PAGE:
A highly simplified way to predict quantum light-matter interactions

Phys.org  October 13, 2021 Calculating quantum light-matter takes enormous amounts of time and computing power—it also becomes very cumbersome. An international team of researchers (Germany, Sweden, Austria) has found a simple way to circumvent this problem by reshaping the equation so that the material part itself accounts for the quantum mechanical uncertainty of the light, far fewer additional photons are needed to describe the combined system of quantum light and matter. The new approach can capture most features of this extreme limit without the need to consider any photon at all. Adding just a few photons is enough to provide […]

How to better identify dangerous volcanoes

Phys.org  October 12, 2021 Volcano eruption style is thought to be strongly controlled by fast conduit processes, limiting our ability for prediction. To understand if the eruptive behaviour is predetermined by the state of the magma in the subvolcanic reservoir an international team of researchers (Switzerland, USA – Brown University) analysed the pre-eruptive storage conditions of 245 units from volcanoes around the world. They showed that pre-eruptive crystallinity, dissolved water content and the presence of exsolved volatiles in the chamber exert a primary control on eruptive styles. Magmas erupt explosively over a well-defined range in dissolved water content (~4–5.5 wt%) and […]

Lightning strikes may trigger short-term thinning in the ozone layer

Phys.org  October 11, 2021 An international team of researchers (USA – University of Colorado, Finland) used detailed computer simulations to follow what happened in the atmosphere after Hurricane Patricia that struck Texas and Mexico in 2015 and had more than 33,000 lightning strikes over the span of just two-and-a-half hours, the May 1917 storm in the Caribbean, and the 2013 storm over Nebraska. As the storms progressed, the electron energy raining down to Earth began to react with gasses high in Earth’s atmosphere, concentrations of certain molecules in the air, including hydrogen oxides and nitrogen oxides, shot up almost at […]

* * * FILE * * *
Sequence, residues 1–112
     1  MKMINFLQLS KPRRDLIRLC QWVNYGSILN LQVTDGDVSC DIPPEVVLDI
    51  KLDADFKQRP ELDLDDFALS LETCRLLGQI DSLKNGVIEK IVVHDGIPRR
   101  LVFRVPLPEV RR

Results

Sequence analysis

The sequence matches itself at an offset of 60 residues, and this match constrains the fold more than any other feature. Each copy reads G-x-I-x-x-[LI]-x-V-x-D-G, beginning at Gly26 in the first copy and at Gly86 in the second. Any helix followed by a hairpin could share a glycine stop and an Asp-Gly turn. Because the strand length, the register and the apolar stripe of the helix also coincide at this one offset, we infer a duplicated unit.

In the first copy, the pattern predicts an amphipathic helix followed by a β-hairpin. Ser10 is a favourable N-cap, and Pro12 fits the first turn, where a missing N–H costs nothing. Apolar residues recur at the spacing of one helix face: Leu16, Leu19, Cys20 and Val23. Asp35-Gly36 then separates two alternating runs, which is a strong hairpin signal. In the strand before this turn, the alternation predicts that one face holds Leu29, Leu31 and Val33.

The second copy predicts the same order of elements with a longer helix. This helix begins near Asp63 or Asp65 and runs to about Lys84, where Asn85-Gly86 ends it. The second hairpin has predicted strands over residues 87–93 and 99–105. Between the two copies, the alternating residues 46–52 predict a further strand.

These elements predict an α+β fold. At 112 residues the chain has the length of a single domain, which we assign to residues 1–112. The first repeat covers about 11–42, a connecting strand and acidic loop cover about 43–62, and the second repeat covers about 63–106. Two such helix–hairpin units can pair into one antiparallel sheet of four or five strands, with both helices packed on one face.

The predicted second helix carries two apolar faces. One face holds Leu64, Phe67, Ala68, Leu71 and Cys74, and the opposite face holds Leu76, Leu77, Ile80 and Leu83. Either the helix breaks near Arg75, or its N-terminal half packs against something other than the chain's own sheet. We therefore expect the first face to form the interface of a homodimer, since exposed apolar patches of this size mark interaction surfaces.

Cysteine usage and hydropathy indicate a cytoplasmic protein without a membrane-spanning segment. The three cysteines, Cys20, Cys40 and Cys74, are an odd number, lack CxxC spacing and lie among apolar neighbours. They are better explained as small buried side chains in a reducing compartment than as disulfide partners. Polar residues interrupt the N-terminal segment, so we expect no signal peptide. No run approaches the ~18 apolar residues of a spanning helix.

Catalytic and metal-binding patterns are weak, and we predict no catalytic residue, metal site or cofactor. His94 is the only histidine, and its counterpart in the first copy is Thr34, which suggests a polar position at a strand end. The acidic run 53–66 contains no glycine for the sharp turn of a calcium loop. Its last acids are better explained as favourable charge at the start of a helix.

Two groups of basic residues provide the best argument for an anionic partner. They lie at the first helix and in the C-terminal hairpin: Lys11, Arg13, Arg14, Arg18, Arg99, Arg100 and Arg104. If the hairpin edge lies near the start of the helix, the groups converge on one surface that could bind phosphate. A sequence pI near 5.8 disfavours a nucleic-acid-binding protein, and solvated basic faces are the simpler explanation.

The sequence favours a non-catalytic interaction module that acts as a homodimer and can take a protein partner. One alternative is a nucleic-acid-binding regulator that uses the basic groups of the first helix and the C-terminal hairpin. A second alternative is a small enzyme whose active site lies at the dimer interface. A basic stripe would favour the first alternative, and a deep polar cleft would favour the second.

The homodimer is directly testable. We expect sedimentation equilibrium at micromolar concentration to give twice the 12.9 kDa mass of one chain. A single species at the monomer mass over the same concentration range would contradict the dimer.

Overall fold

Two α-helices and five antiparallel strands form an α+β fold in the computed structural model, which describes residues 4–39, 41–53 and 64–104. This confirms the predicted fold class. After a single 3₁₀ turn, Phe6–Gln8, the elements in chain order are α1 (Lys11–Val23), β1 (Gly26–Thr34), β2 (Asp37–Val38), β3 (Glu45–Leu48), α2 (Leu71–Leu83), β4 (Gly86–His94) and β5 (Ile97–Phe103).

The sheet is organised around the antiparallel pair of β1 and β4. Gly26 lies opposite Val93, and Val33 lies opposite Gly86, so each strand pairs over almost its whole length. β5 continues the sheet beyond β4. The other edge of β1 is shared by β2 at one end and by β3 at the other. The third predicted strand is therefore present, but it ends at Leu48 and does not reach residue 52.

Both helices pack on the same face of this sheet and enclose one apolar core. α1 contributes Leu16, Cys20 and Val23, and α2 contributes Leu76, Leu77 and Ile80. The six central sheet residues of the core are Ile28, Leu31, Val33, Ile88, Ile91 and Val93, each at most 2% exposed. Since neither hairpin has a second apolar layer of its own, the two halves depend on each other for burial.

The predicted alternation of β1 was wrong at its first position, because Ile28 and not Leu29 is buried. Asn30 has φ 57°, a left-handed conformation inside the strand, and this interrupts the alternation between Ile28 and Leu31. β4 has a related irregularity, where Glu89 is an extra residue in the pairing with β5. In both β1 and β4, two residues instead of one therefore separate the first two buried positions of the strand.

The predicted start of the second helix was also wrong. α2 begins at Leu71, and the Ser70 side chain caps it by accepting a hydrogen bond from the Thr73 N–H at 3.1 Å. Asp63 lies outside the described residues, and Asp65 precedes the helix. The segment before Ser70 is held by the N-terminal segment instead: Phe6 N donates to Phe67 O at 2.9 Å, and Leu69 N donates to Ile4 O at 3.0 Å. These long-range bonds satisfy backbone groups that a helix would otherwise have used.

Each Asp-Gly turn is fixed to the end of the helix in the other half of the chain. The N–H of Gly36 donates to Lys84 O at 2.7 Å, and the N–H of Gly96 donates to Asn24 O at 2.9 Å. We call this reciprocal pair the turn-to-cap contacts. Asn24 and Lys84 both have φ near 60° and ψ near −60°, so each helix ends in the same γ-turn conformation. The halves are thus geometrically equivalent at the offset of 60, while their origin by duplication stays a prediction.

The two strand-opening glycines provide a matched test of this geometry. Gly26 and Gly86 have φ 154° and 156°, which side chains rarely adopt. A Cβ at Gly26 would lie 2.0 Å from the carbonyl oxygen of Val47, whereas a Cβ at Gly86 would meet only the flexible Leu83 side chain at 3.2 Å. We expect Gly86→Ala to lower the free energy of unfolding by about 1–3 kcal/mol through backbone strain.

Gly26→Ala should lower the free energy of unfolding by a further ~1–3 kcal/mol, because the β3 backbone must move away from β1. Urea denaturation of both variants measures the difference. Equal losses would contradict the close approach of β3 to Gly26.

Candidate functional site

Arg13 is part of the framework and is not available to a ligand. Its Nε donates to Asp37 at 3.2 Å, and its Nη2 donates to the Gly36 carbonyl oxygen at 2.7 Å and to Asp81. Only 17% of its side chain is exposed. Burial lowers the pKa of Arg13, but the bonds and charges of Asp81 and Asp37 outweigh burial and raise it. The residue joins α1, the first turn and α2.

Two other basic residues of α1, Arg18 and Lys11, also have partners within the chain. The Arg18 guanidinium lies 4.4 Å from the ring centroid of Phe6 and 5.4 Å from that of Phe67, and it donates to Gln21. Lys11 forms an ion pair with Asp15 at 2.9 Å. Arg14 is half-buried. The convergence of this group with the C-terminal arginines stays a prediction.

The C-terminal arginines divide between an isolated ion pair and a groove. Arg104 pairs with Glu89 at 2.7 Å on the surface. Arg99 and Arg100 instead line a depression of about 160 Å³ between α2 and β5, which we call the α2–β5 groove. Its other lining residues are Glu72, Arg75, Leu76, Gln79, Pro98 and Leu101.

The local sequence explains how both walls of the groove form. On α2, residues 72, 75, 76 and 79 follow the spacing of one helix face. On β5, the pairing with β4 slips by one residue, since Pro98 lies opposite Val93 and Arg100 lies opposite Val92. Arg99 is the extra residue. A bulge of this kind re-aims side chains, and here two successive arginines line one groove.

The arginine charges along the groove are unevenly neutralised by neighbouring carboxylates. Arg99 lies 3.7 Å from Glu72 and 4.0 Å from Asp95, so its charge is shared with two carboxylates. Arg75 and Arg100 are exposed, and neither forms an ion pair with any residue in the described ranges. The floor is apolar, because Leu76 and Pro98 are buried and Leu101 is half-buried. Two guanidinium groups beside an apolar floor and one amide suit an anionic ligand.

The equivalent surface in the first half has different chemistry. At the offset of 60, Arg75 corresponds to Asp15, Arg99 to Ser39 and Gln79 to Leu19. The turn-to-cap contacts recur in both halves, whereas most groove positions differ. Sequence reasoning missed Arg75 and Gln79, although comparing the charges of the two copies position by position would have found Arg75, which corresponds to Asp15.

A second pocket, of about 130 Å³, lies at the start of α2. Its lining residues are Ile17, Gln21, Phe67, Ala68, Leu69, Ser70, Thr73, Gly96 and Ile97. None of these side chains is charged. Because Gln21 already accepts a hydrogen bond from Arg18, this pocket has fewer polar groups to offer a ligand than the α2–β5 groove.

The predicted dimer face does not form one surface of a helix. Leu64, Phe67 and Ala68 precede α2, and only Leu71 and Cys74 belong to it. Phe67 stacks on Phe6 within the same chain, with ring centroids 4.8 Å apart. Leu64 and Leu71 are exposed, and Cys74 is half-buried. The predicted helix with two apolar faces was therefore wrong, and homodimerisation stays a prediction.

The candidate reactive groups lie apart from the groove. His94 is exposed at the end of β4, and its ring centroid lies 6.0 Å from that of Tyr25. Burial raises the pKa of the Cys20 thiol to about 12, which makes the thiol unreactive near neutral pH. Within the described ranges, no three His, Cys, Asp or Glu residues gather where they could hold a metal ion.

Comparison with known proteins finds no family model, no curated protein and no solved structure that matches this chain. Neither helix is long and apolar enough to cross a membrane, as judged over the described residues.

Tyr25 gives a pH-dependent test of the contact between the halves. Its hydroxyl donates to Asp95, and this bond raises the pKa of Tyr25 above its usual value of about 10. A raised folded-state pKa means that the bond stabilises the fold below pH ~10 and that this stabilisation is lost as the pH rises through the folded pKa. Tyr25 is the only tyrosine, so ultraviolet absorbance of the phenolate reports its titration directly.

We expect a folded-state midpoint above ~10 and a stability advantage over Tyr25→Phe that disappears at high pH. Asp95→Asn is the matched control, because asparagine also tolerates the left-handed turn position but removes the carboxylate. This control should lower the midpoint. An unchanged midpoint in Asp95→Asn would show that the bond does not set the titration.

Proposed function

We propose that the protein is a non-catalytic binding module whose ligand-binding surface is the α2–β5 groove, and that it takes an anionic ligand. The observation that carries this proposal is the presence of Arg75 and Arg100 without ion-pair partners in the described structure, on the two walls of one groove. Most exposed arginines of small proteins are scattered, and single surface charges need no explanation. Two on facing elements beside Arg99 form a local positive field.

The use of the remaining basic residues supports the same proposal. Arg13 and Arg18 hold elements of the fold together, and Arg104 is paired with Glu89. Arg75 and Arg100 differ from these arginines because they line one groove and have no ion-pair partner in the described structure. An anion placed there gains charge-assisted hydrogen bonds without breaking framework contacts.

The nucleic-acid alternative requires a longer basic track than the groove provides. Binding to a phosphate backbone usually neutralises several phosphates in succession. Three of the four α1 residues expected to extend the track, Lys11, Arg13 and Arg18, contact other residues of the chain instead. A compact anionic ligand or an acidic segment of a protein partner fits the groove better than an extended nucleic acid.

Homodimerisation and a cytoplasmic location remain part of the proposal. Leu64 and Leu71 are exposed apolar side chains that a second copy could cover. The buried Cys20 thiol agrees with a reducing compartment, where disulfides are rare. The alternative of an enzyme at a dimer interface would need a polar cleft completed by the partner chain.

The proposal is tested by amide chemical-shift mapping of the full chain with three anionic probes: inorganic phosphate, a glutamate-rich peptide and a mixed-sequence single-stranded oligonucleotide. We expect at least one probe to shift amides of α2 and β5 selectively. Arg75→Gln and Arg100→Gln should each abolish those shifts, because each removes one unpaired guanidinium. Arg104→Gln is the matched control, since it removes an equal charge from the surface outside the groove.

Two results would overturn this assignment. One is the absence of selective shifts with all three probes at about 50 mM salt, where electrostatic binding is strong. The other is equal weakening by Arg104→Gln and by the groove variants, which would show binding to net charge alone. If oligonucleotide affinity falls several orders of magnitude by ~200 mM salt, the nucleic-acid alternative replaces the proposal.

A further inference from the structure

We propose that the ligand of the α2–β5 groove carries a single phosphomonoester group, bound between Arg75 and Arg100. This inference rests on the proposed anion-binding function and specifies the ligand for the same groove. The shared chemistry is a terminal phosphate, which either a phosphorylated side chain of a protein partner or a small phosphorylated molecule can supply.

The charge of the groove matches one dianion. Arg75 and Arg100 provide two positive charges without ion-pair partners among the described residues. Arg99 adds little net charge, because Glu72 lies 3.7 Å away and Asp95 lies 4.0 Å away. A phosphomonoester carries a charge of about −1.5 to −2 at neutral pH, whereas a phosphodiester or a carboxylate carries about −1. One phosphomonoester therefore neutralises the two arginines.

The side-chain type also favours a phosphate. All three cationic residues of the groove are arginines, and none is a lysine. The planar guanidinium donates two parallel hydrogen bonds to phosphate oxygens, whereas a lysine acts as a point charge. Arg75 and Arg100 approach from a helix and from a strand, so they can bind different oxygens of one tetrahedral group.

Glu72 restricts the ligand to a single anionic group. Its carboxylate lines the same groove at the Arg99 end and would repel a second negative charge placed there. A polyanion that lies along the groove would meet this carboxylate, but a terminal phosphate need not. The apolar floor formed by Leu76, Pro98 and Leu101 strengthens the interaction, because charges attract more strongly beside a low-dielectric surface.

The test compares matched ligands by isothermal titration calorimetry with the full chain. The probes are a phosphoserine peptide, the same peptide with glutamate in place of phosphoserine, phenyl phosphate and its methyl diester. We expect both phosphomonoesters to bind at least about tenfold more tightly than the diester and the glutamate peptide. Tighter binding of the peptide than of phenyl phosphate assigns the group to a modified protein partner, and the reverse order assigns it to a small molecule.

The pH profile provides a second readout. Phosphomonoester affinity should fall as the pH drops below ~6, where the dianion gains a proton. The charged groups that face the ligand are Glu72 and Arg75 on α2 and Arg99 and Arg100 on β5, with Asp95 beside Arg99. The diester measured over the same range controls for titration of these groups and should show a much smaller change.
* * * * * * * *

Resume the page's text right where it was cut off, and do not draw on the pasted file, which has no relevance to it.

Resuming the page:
Liquid metal proven to be cheap and efficient CO2 converter

Phys.org  October 13, 2021 An international team of researchers (Australia, USA – UCLA, North Carolina State University) has developed technology to capture carbon that uses suspensions of gallium liquid metal to reduce CO2 into carbonaceous solid products and O2 at near room temperature. The nonpolar nature of the liquid gallium interface allows the solid products to instantaneously exfoliate, hence keeping active sites accessible. The solid co-contributor of silver-gallium rods ensures a cyclic sustainable process. The overall process relies on mechanical energy as the input, which drives nano dimensional triboelectrochemical reactions. When a gallium/silver fluoride mix at 7:1 mass ratio was […]

Mathematical model offers new insights into spread of epidemics

Phys.org  October 8, 2021 The complexity of real-world scenarios still poses new theoretical challenges for mathematical modeling of epidemic spreading. Existing network models of epidemic spreading often focus on contacts between pairs of individuals while co-location of individuals such as in the workplace, restaurants, or gym typically include more than two people. An international team of researchers (Canada, UK, USA – University of Vermont) has developed a new approach to epidemic modeling that considers interactions between two or more people in the same location and for different amounts of time and considered emerging evidence that suggests a minimal infective dose […]